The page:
Edmund Valantis, an official with the Ministry of the Economy of Latvia, attended the event. “These are challenging times and it’s in our common interest to have discussions and expand the LNG market,” he said.

While packed with toxic industry, the coastline is also rich in wildlife, and has supported a vibrant fishing industry, one that is increasingly under pressure from encroaching fossil fuel facilities. The scramble to build new projects threatens the people and ecosystems on the Gulf Coast, according to residents living in the industry’s shadow.

“This is way more catastrophic than any hurricane,” Dardar said, noting that the destruction of wetlands and waterways for new colossal facilities would be irreversible.

Dardar is originally from Isle de Jean Charles, an island in the Gulf of Mexico within Louisiana’s coastal wetlands. With the island rapidly disappearing from erosion and sea level rise, Dardar relocated to southwest Louisiana after taking a voluntary buyout. Now, he lives close to Venture Global’s Calcasieu Pass LNG terminal near Lake Charles.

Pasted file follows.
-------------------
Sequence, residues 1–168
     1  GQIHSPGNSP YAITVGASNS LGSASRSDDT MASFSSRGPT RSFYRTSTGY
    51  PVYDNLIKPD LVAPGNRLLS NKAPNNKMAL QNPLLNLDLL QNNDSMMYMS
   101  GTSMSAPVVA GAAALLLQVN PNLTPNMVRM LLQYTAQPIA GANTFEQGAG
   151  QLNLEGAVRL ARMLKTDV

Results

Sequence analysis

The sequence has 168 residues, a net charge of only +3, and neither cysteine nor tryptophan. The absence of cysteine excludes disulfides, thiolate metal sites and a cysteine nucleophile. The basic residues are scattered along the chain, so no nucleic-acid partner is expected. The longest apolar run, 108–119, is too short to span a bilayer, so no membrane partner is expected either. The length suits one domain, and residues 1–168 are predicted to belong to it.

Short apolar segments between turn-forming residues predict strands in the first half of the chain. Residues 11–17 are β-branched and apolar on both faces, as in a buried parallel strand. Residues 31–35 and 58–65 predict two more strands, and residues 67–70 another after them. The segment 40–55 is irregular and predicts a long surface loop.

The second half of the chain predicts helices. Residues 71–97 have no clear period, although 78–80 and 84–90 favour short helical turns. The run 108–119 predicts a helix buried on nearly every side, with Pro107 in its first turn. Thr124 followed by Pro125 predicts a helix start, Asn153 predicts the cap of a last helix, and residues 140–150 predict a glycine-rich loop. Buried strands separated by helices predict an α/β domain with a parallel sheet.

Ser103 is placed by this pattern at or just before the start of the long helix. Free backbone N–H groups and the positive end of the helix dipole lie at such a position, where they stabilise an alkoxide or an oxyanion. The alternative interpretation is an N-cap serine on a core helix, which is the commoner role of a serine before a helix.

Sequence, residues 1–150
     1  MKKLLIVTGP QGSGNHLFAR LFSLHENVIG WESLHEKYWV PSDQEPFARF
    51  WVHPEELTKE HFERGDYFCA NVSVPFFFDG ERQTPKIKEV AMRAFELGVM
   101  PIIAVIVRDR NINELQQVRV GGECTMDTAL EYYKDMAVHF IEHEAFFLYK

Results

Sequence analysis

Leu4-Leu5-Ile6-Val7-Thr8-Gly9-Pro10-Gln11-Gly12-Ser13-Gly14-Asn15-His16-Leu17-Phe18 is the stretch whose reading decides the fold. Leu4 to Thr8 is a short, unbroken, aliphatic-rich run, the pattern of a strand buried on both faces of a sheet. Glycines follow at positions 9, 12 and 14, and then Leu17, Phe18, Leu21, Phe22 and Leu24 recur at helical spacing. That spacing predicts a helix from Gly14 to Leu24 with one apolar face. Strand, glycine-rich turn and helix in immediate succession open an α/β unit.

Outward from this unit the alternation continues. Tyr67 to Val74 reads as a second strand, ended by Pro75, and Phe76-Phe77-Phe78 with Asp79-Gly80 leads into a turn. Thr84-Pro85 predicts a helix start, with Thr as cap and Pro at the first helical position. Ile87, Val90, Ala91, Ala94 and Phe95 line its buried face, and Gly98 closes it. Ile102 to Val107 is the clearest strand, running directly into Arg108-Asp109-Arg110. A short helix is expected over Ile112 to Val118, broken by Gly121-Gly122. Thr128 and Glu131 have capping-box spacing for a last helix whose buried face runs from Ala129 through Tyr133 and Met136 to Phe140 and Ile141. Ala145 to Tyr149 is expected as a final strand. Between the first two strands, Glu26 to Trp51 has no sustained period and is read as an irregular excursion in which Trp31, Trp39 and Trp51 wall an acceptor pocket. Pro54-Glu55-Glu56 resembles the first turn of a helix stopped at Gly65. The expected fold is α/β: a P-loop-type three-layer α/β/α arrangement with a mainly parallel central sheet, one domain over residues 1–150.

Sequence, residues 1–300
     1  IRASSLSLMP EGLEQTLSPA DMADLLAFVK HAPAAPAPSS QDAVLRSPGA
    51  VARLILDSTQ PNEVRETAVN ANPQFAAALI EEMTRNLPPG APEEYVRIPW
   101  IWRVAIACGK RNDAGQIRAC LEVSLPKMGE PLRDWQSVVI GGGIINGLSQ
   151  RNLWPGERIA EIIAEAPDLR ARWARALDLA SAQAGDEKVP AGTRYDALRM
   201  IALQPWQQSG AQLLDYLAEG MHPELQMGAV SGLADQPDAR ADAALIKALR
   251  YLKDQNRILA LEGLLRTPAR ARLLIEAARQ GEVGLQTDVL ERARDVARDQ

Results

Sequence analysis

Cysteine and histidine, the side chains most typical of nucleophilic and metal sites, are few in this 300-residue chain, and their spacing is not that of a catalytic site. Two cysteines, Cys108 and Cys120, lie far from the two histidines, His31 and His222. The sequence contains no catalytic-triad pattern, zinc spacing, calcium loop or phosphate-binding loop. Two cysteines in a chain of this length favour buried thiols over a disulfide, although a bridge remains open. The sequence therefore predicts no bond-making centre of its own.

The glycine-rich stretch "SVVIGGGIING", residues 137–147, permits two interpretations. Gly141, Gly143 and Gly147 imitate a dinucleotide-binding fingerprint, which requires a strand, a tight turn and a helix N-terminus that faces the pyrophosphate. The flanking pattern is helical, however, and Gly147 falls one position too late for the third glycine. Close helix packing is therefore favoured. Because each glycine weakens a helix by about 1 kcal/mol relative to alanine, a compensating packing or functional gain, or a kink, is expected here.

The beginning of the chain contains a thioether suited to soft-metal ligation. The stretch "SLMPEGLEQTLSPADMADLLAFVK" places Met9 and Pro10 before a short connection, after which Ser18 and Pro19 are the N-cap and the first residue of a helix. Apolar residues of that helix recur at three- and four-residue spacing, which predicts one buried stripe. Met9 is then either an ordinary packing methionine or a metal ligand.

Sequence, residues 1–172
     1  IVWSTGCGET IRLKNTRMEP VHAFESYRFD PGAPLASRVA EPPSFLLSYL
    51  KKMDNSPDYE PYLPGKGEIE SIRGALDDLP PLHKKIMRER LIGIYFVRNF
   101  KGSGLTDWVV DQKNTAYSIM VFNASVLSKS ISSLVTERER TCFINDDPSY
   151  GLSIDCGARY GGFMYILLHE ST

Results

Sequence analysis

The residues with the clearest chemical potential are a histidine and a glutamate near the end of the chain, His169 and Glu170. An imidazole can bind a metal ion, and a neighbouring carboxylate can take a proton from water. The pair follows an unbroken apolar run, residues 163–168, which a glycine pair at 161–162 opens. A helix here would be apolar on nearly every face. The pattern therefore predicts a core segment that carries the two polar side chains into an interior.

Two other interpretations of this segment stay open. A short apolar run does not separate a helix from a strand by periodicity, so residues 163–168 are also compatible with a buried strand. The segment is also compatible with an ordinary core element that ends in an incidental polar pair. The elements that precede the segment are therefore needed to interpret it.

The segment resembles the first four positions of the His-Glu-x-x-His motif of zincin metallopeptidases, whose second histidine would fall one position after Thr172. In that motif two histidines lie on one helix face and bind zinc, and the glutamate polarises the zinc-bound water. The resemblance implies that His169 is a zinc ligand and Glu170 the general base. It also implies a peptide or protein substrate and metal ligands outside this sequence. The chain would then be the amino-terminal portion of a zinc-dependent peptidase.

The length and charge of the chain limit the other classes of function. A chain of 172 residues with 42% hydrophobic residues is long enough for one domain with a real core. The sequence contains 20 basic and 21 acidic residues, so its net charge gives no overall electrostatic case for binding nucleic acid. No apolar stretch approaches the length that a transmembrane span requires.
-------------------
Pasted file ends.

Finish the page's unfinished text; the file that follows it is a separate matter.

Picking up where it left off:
The Calcasieu Pass facility “just start shipping out in February and already the people who live around that area have reported headaches and respiratory distress that they did not have before,” James Hiatt, a former oil and gas worker and current Gulf Coast organizer with Louisiana Bucket Brigade, a grassroots NGO, told reporters on a November 1 press call.

The facility, the most recent project to come online, has been flaring for nearly 70 percent of the days that it has been operating, according to the Louisiana Bucket Brigade.